Don't get me wrong I'd like to see Interbase succeed, but it is also hard to recommend it strongly, just due to some of the things that happened to me while working with it.  Plus it does not seem to benchmark very well in all the tests I have seen.  MySQL seems impressive there.    

Anyway, "header"  as a decision-maker I think you should look at Interbase, but look closely, because if you have to use the BDE you'll have a large footprint.  Take a look at FlashFiler too, though.
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by:Stuart_Johnson
ID: 6892769
>Don't get me wrong I'd like to see Interbase succeed,
>but it is also hard to recommend it strongly,  just due
>to some of the things that happened to me while working
>with it.  Plus it does not seem to benchmark very well
>in all the tests I have seen.  MySQL seems impressive
>there.    

That's not a really fair comparison though.  MS SQL Server is one of the fastested on the market.  We've tested Interbase against MS SQL, DB2 and Oracle (8.1.6e).  I'd say Interbase, when put under the same load as the other DB's, would compare favorably to our installation of Oracle (which is running on the same server).  And, I might also add, we tend to have a lot more problems with Oracle than we do with Interbase (but that maybe lack of knowledge as none of us are really Oracle experts).

My prefered DB is MS-SQL, but it's too expensive to deploy in an inexpensive application.

Who makes Flash Filer?  I've never heard of it before, but I'm keen to try something new out :)  

Cheers,

Stu
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by:header
ID: 6894040
FlashFiler can be found at www.turbopower.com and I just heard back from them, there is a trial version at www.turbopower.com/trialrun.  I will be trying it as soon as I find time.
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by:ARW
ID: 6894117
The upgrades were to the database engine itself at least once and to the IBX components themselves to fix bugs in them.

Don't get me wrong I'd like to see Interbase succeed, but it is also hard to recommend it strongly, just due to some of the things that happened to me while working with it.  Plus it does not seem to benchmark very well in all the tests I have seen.  MySQL seems impressive there.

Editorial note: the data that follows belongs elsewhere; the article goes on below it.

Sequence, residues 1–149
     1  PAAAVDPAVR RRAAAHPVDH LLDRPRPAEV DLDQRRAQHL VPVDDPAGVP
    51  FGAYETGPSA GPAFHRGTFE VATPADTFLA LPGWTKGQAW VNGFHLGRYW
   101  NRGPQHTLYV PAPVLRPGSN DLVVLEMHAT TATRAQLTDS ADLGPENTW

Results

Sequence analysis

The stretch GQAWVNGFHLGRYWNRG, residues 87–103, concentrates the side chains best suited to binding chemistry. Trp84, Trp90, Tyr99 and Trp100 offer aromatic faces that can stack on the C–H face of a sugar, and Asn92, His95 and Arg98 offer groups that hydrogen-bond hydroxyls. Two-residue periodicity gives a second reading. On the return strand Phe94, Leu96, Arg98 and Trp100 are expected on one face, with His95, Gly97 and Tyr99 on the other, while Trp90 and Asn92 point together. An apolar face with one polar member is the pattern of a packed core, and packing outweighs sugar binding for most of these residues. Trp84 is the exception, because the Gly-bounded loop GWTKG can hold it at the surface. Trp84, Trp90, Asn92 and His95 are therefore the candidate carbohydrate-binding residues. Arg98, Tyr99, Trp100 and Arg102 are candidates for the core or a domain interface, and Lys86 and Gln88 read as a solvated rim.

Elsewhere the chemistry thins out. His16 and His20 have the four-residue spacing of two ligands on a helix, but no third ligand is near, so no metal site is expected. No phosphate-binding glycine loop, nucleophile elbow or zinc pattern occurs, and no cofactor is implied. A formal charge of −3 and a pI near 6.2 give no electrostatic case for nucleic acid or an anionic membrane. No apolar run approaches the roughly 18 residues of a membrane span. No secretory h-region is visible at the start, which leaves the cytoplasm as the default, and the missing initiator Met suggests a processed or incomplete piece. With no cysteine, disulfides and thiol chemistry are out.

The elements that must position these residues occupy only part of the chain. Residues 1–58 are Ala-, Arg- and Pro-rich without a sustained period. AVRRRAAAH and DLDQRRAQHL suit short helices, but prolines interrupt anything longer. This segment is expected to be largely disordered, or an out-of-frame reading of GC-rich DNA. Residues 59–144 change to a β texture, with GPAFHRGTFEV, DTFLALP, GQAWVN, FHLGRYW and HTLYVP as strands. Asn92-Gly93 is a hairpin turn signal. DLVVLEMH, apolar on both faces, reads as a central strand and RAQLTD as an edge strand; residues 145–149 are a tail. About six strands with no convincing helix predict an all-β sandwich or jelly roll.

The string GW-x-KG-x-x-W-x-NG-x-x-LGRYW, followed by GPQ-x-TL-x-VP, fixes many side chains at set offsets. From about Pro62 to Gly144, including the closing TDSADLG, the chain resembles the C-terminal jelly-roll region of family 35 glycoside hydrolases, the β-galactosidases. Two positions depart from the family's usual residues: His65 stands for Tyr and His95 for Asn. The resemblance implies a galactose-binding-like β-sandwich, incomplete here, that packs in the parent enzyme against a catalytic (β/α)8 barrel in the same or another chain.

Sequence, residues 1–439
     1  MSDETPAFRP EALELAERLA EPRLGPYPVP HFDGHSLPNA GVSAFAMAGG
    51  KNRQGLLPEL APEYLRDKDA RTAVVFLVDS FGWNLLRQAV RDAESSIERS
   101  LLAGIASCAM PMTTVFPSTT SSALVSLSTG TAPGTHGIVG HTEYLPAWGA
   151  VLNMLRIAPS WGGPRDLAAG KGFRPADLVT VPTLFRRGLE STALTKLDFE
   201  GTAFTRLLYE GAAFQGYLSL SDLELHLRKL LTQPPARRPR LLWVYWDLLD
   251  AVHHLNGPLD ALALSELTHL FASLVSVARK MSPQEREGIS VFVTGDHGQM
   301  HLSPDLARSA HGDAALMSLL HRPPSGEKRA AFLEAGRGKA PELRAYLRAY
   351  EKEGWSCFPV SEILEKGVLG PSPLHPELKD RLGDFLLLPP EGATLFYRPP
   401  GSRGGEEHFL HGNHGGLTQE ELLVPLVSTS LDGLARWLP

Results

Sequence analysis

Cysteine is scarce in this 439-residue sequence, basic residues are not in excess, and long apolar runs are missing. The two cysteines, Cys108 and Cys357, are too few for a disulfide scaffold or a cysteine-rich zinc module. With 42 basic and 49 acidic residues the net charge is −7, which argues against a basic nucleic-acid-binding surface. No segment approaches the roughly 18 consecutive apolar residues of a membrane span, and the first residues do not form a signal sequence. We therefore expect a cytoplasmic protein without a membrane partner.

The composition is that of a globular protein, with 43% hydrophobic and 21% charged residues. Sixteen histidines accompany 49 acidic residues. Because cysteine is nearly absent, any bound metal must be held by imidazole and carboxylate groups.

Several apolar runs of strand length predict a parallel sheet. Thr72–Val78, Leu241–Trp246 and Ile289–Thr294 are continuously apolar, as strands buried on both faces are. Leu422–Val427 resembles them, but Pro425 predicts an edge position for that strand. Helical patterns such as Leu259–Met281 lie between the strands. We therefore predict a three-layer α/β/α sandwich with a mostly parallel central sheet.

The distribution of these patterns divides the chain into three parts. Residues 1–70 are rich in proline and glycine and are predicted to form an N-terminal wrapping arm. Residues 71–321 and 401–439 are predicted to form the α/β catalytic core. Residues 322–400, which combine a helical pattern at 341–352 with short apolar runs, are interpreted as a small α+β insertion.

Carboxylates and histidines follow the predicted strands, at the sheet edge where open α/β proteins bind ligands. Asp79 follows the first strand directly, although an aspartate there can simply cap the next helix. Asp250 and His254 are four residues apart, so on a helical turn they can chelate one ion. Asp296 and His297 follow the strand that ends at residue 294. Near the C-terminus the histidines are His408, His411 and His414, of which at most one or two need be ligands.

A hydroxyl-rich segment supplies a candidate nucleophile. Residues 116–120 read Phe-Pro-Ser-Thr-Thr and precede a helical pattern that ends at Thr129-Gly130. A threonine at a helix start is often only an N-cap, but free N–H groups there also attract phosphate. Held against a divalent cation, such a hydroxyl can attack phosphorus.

Anyway, "header"  as a decision-maker I think you should look at Interbase, but look closely, because if you have to use the BDE you'll have a large footprint.  Take a look at FlashFiler too, though.
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by:header
ID: 6902864
I have downloaded and installed the Flash Filer demo.  It's early, but so far I'm impressed.

Here's a summary of the pricing:
For $500 dollars you get Flash Filer and it's royalty free.  There is also an ODBC driver for $250.  (If you buy the package I think you save about $100)  The ODBC gives you 500 licenses to distribute, then you have to purchase another 500.

Anyone else tried it yet?
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by:ARW
ID: 6903280
Wow!  They have almost tripled their price, but given the current state of the database engine market, it is probably a price the market can bear...perhaps happily.  They were working on SQL compliance when I stopped using them in early 1999.  Is FlashFiler SQL-92 compliant now?


Thanks
AW
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by:header
ID: 6903324
This is from their web-site:
"For easy data retrieval, FlashFiler 2 provides a TffQuery component that replaces the VCL's TQuery component. With TffQuery you can send industry-standard SQL-92 queries to the server for high-speed processing."

That however is the only place that SQL-92 is mentioned (that I have found anyway).

Unless I have blatently missed it, there is no support for relations either.  I'm sure I can live with out it, but it will be missed.

What's your opinion, is a Relational DB that much different from one that isn't relational?  (I mean is it something that can't be lived without)
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by:ARW
ID: 6903378
Yes, I think they were working on TffQuery when I stopped using them.  I think it was pretty important for them to get that working to be competitive.  I am not sure I can speak that intelligently on the relational vs. non-relational databases debate, but this URL provides a pretty nice encapsulation of the debate and comparison.  Though it is specific to a mainframe database called IMAGE, it still makes some fundamental explanations on the issues related to the comparison.